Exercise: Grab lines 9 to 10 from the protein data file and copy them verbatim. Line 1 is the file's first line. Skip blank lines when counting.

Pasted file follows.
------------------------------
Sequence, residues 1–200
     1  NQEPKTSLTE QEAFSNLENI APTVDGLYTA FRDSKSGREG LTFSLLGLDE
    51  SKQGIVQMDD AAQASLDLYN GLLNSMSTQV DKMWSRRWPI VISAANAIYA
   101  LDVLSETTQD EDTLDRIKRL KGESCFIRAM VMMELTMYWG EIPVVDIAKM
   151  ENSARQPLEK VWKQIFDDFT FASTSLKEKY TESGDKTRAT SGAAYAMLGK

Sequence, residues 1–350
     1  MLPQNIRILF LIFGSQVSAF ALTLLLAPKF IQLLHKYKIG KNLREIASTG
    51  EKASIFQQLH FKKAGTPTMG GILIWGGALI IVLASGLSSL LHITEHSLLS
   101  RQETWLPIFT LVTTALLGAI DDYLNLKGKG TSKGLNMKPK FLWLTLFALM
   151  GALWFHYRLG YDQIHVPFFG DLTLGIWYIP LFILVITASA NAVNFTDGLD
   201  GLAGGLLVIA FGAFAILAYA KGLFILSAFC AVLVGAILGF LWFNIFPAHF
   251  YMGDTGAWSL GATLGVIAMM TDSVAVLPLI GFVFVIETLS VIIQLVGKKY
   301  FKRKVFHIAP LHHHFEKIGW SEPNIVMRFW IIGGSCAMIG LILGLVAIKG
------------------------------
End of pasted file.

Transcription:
   101  RQETWLPIFT LVTTALLGAI DDYLNLKGKG TSKGLNMKPK FLWLTLFALM
   151  GALWFHYRLG YDQIHVPFFG DLTLGIWYIP LFILVITASA NAVNFTDGLD